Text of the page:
When I was in college I worked for a Professor that did studies with loss coefficients in bifurcations (aka fluid pressure loss in flow junctions). To check the fluid pressure at different points along the pipe he used some analog pressure sensors that fed into a TLC2543 ADC chip which was then connected to a Parallax Basic Stamp and finally via serial connected to a desktop.

This worked, but it had its limitations:
1. You were limited to how many pressure taps you could have unless you setup a whole 2nd system.
2. You were limited to having a computer near by that could run the python script to take in the serial data and parse it out properly.
3. It used a Basic Stamp, which were expensive to replace.

After I had graduated and had some free time on my hands I decided to redesign part of the system so that an Arduino was used to be the middle man between the TLC2543 ADC and the computer. I also decided that I had to figure out a way to make the system expandable. The Arduino part wasn’t very hard to figure out, and as for the expandability I figured out I could use the chip select line on the TLC2543 and using a multiplexer (mux) I could then control 8 different ADC chips, which means 8 times as many sensors!

Here is the code for the Arduino:

GitHub Repository

The format of the serial output was determined by the python script running on the computer.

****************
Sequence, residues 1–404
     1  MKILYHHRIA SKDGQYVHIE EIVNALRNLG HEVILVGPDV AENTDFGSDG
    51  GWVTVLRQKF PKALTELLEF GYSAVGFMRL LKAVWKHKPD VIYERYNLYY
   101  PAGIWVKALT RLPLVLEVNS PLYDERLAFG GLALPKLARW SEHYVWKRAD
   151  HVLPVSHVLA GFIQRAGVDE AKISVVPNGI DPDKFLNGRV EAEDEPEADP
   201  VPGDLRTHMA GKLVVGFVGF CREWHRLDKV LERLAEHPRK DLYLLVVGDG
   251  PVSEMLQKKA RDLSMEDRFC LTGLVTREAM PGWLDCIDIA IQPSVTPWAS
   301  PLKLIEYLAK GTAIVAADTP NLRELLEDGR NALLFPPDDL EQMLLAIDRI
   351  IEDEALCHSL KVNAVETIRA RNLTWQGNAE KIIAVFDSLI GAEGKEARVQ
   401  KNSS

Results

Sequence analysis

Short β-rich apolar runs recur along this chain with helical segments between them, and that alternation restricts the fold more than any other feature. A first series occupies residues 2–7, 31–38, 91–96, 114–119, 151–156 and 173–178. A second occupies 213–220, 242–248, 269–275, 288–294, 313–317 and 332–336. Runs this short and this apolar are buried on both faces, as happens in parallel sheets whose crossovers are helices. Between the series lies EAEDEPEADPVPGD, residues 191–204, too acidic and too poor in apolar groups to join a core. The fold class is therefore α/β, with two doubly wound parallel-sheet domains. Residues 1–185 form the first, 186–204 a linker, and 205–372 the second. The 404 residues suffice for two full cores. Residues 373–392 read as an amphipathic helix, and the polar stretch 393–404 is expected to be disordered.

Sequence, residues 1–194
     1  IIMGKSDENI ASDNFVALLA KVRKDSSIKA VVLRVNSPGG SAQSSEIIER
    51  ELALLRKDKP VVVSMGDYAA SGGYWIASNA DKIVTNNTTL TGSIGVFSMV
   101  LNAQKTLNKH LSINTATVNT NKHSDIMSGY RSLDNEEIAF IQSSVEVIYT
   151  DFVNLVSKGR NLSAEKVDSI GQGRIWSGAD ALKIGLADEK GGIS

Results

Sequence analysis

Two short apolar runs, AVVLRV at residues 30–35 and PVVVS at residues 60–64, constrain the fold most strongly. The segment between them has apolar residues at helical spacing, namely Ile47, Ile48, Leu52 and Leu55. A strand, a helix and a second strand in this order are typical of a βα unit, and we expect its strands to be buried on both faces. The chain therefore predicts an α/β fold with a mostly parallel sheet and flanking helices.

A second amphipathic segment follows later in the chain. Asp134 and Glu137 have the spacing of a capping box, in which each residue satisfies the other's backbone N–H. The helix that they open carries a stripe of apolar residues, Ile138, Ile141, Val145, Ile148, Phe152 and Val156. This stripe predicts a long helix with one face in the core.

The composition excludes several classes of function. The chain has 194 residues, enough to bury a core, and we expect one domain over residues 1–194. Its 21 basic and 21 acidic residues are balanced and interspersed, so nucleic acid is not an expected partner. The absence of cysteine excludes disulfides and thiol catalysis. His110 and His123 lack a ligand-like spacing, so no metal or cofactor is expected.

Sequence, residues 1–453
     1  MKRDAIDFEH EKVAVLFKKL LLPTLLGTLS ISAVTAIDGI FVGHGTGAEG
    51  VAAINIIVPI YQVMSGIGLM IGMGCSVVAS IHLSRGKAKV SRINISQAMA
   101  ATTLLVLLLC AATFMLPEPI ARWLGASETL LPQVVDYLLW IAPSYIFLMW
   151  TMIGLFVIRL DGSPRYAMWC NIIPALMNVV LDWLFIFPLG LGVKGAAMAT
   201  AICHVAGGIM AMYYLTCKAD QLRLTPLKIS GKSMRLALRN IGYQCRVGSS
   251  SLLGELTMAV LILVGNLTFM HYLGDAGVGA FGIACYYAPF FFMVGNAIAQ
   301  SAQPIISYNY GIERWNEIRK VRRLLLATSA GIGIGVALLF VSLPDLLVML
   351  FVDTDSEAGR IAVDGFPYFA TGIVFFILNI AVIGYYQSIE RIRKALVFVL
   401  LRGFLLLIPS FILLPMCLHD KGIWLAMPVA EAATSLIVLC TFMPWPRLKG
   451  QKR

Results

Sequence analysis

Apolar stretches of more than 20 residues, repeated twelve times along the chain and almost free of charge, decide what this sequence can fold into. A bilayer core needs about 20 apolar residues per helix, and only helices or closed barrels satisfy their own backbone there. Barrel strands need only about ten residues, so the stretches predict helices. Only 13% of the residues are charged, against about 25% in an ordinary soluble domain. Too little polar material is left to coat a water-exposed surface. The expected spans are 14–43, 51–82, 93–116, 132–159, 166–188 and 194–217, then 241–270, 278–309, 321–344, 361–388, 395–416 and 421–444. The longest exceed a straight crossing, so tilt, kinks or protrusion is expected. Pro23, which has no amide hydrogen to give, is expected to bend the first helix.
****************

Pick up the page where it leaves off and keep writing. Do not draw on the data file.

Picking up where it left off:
I also decided to redesign the board that all of this was hooked up to!


(The only fully populated board resides at the University. I couldn’t afford to fully populate my other prototypes because the pressure sensors were so expensive.)

You can see the headers that the Arduino attaches to just left of center in the top half. The TLC2543 sits right in the middle of the board. Under the Arduino was the mux chip and a set of DIP switches that allowed you set the “address” of the board. This design didn’t support the boards being chained together, but it was a proof of concept that it was possible. I had planned on leaving up to his student team to redesign the board with the connectors that allowed it to be daisy chained.

Unfortunately after I had given the fully populated board to the professor nothing ever came of the system. I have since tried to find the original design files but have been unable to locate them.

After thinking about it more I then decided, for fun, to step it up another notch and use a Raspberry Pi to interface with the TLC2543 (instead of an Arduino) and then upload the test results directly to Dropbox! You can head over to my Raspberry Pi pages to check out that project!

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